Solar Orbiter reveals spectacular close-up images of our Sun

ESA's Solar Orbiter spacecraft has captured amazing views of our host star during its close approach.

A view of the Sun captured by the Solar Orbiter spacecraft during perihelion, the spacecraft's closest point to the Sun in its orbit. Credit: ESA & NASA/Solar Orbiter/EUI Team
Published: May 20, 2022 at 10:15 am
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Brand new images captured by the ESA/NASA Solar Orbiter spacecraft show the dynamic surface of the Sun in incredible detail.

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These amazing photos of our Sun are already revealing key insights into the workings of the star at the centre of the Solar System, but solar scientists have only just begun analysing the data

Launched in February 2020, Solar Orbiter's first images were released by the European Space Agency in July 2020.

For more solar science, read our guide to the Sun and get answers to some of the biggest questions about the Sun.

A view of the Sun captured by the Solar Orbiter spacecraft during perihelion, the spacecraft's closest point to the Sun in its orbit. Credit: ESA & NASA/Solar Orbiter/EUI Team
A view of the Sun captured by the Solar Orbiter spacecraft during perihelion, the spacecraft's closest point to the Sun in its orbit. Credit: ESA & NASA/Solar Orbiter/EUI Team

This latest batch of solar imagery was captured during the spacecraft's 'perihelion' - its closest approach to the Sun in its orbit - on 26 March 2022.

They reveal solar flares, views of the Sun's solar poles and a so-called solar 'hedgehog'.

Our Sun is currently experiencing increased activity in the form of flares, sunspots and other surface phenomena as it approaches the peak of the Solar Cycle.

Our Sun is currently in Solar Cycle 25.

"Although the analysis of the new dataset has only just started, it is already clear that the ESA-led mission is providing the most extraordinary insights into the Sun’s magnetic behaviour and the way this shapes space weather," a statement from ESA said.

During the close approach, the spacecraft flew closer to the Sun than Mercury, the innermost planet, causing its heat shield to reach temperatures of about 500°C.

The Sun's South Pole

Activity at the Sun's South Pole, captured by ESA's Solar Orbiter spacecraft, 30 March 2022. Credit: ESA & NASA/Solar Orbiter/EUI Team
Activity at the Sun's South Pole, captured by ESA's Solar Orbiter spacecraft, 30 March 2022. Credit: ESA & NASA/Solar Orbiter/EUI Team

One of the most incredible of the new images captured by Solar Orbiter shows the Sun's South Pole on 30 March 2022, 4 days after perihelion.

The images were taken using the spacecraft's Extreme Ultraviolet Imager (EUI).

Scientists are keen to learn more about what the images and data can reveal about the solar poles.

The Sun's magnetic fields are swept up to the poles and then sucked back down into the Sun where, scientists say, they may "form the magnetic seeds for future solar activity."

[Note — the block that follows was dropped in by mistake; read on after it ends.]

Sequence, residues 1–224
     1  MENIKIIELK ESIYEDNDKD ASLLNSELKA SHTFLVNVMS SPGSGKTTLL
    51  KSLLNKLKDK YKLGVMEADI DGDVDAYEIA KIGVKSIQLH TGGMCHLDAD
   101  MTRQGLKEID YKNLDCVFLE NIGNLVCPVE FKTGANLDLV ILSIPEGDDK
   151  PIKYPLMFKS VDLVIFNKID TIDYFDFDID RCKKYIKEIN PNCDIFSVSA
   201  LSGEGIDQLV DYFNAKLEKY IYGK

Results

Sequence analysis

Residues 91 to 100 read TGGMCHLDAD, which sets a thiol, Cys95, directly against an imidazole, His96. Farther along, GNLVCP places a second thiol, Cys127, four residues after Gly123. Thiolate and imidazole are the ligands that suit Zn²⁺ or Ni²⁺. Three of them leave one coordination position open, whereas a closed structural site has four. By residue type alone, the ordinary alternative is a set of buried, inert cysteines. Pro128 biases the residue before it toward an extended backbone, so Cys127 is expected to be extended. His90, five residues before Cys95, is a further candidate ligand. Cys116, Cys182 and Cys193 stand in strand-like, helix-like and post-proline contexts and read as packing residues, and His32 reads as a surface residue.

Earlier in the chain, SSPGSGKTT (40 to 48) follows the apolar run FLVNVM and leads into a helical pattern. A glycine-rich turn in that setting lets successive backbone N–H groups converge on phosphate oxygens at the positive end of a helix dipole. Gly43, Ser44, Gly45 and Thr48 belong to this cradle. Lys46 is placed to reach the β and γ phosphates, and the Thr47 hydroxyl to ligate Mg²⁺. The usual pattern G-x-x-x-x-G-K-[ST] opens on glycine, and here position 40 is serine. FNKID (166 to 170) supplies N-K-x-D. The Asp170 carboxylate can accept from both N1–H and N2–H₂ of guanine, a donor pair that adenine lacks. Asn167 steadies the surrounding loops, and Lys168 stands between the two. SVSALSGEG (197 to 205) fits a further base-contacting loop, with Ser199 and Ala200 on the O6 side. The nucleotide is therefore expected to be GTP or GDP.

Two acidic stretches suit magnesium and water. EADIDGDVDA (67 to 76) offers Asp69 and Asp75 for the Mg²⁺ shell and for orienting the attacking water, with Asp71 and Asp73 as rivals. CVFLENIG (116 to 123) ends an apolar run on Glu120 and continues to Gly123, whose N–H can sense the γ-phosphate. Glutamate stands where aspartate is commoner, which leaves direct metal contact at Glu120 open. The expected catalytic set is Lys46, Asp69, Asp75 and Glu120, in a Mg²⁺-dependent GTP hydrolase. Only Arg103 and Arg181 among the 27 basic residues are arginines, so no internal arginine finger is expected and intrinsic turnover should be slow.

The lighter regions in the image are mainly magnetic loops erupting from the interior of the Sun.

Darker areas are points where the magnetic field is open. Here, gases escape into space as a stream of charged particles known as the solar wind, which is responsible for generating the aurora displays we see on Earth.

Space hedgehog

A space hedgehog captured by the Solar Orbiter spacecraft, 30 March 2022. Credit: ESA & NASA/Solar Orbiter/EUI Team
A space hedgehog captured by the Solar Orbiter spacecraft, 30 March 2022. Credit: ESA & NASA/Solar Orbiter/EUI Team

Dubbed the 'space hedgehog', an intriguing feature has been spotted just below the centre of the solar disc.

This waving, looping structure is seen in an image captured on 30 March 2022, again by Solar Orbiter's EUI.

It seems solar scientists are still unsure exactly what the space hedgehog is or how it formed, but it's known to measure 25,000km across, making it about twice as wide as Earth.

The gases seen in the space hedgehog image reach temperatures of about 1,000,000°C.

A view of the space hedgehog captured by the Solar Orbiter spacecraft, 30 March 2022, showing how Earth compares in size to the feature. Credit: ESA & NASA/Solar Orbiter/EUI Team
A view of the space hedgehog captured by the Solar Orbiter spacecraft, 30 March 2022, showing how Earth compares in size to the feature. Credit: ESA & NASA/Solar Orbiter/EUI Team

What next for Solar Orbiter?

In 2025, Solar Orbiter is set to use the gravitational pull of Venus as a means to increase the inclination of its orbit, allowing it to approach the solar poles from a top-down perspective.

Learning more about space weather and the solar wind will enable solar scientists to decipher the Sun's effect on our planet and the rest of the Solar System.

It can also help inform how best to protect astronauts and space probes from the threat of solar outbursts.

"We are so thrilled with the quality of the data from our first perihelion," says Daniel Müller, ESA Project Scientist for Solar Orbiter.

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"It’s almost hard to believe that this is just the start of the mission. We are going to be very busy indeed."

Authors

Iain Todd, BBC Sky at Night Magazine
Iain ToddScience journalist

Iain Todd is BBC Sky at Night Magazine's Content Editor. He fell in love with the night sky when he caught his first glimpse of Orion, aged 10.

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